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When a meteor enters Earth’s atmosphere, they enter at a minimum velocity. This minimum velocity is about 11km per second (25,000 miles per hour). That is quicker then a bullet being fired from a gun. That is only the minimum; there are meteors that can get going much faster. Another comparison to this is that a space shuttle moves around the Earth roughly at about 8km per second.
Most meteors burn up when they enter Earth’s atmosphere. There are a few meteors however, that make it to the surface. The ones that make it to the ground are called meteorites.
Not all meteors are the same material wise. Some meteors are made out of rock, while others are made out of iron. Some even have a mixture of both, but in most cases, it is one or the other.
A fun fact that came up is that as much a 4 billion meteors fall to the Earth each day. Most of them are not significant enough for anyone to notice. Another one is that the Earth gains about a million kilograms of mass a day from meteors.
If you let N equal the number of stone meteorites, which fall on one km2 of the surface of the Earth during a one-year period and N, includes all meteorites with a mass greater then or equal to m kg. The rate of the number of meteorites that touches down is:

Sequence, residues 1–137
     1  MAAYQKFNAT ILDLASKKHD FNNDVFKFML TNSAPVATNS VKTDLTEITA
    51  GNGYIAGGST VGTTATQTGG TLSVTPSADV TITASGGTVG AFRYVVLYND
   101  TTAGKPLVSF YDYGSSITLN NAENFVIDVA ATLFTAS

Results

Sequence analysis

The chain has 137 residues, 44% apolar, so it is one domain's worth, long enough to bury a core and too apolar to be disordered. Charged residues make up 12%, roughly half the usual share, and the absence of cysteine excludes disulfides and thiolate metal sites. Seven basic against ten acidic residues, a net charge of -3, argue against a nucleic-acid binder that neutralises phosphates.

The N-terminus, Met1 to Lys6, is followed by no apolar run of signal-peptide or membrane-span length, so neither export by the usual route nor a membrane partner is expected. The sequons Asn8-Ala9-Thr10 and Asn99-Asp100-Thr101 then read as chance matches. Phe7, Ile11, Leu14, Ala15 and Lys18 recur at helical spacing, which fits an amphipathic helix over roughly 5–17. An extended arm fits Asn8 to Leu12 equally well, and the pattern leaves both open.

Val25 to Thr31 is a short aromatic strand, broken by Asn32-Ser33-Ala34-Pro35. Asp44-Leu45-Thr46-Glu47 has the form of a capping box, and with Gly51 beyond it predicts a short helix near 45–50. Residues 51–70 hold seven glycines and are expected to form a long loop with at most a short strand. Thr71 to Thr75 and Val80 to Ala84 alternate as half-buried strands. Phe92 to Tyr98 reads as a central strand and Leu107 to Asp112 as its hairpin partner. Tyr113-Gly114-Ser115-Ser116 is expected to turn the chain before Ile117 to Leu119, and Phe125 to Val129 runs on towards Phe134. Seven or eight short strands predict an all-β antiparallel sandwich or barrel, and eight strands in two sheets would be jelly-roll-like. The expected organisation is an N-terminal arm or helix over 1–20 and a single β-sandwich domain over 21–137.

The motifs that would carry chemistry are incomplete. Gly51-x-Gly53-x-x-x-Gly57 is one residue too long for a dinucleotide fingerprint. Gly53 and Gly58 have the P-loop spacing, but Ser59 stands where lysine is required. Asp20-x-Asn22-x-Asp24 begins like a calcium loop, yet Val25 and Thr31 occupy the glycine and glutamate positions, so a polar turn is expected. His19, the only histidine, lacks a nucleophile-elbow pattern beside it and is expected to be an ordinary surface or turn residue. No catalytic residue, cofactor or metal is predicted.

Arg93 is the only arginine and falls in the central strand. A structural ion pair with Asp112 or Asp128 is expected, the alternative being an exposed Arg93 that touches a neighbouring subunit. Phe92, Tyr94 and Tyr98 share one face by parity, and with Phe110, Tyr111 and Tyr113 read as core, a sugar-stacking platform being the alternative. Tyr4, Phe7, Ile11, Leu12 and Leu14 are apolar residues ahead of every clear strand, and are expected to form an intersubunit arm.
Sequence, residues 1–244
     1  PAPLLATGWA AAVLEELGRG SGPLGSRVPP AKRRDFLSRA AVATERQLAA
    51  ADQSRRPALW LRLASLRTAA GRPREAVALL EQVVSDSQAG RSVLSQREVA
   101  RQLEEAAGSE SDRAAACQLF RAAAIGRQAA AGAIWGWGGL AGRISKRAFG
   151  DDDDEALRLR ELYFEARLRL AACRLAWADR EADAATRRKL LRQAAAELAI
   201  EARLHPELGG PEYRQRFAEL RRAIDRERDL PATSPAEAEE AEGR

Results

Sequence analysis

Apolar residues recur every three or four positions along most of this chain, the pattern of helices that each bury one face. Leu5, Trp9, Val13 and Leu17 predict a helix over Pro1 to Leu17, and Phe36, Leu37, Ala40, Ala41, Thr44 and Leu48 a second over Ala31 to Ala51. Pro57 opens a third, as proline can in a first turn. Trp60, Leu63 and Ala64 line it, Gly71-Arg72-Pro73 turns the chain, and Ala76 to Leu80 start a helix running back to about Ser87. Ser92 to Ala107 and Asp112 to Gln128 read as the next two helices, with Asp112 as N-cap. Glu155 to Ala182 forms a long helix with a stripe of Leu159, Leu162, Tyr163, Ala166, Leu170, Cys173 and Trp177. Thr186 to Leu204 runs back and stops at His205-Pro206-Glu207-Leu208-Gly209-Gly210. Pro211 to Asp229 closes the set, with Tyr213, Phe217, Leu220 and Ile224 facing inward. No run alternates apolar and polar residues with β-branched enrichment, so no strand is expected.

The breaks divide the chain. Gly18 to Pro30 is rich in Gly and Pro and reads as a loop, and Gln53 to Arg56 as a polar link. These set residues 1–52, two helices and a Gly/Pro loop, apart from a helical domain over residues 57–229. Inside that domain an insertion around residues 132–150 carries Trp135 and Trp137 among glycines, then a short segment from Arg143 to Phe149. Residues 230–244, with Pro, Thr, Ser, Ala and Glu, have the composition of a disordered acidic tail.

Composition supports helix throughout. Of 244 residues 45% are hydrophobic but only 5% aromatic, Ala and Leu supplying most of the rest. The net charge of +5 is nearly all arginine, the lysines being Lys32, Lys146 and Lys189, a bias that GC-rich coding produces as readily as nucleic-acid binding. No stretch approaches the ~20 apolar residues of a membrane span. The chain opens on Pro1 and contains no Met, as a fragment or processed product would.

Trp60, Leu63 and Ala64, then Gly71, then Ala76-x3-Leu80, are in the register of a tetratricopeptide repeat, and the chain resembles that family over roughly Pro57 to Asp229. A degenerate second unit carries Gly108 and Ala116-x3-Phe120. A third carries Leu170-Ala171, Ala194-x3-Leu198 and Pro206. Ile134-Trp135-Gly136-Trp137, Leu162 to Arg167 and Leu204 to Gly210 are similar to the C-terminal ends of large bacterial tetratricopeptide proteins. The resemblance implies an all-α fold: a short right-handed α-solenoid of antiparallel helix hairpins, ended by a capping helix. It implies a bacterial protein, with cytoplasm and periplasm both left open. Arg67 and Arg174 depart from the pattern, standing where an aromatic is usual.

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Stone Meteorites: log10N = -3.73 – log10m
The equation is different for iron meteorites:
Iron Meteorites: log10N = -5.61 -0.7 log10m
These two equations predict that about 1,500 meteors will arrive within the course of one year with a mass greater then or equal to 100 kg. An object with the mass of 100kg would be reduced to about 10kg by the time it hit the ground.
According to the Fundamentals of Physics by Halladay and Resnick, a drag force is caused by velocity between a fluid and a body. They denote the drag force as D, p as the air density (mass per volume), and A as the effective cross-sectional area of the body to give the formula D = (1/2) CpAv2 for the drag coefficient. They also give the terminal speed as vt = √(2Fg / CpA) based off the equation (1/2)CpAv2 – Fg = 0.
There is an equation to determine the environmental consequences of an impact based on the energy released during an impact. This is related to the kinetic energy of the impactor E. This calculation is described here: E = (1/2) miv02 = (p/12)piL03v02.
For more information (including the calculations for air resistance), you can visit this website: http://www.lpl.arizona.edu/impacteffects/. This site shows different equations that were used to create a program to calculate possible meteor entries into Earth.